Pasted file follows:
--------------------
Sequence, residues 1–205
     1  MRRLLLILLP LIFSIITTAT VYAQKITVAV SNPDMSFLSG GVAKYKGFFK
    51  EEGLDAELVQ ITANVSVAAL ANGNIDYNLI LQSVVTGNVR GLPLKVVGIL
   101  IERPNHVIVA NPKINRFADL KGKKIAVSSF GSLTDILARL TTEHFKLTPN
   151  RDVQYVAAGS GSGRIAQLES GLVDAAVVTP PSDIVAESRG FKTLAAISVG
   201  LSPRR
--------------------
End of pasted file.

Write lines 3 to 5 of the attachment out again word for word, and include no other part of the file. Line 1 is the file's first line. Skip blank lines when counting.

    51  EEGLDAELVQ ITANVSVAAL ANGNIDYNLI LQSVVTGNVR GLPLKVVGIL
   101  IERPNHVIVA NPKINRFADL KGKKIAVSSF GSLTDILARL TTEHFKLTPN
   151  RDVQYVAAGS GSGRIAQLES GLVDAAVVTP PSDIVAESRG FKTLAAISVG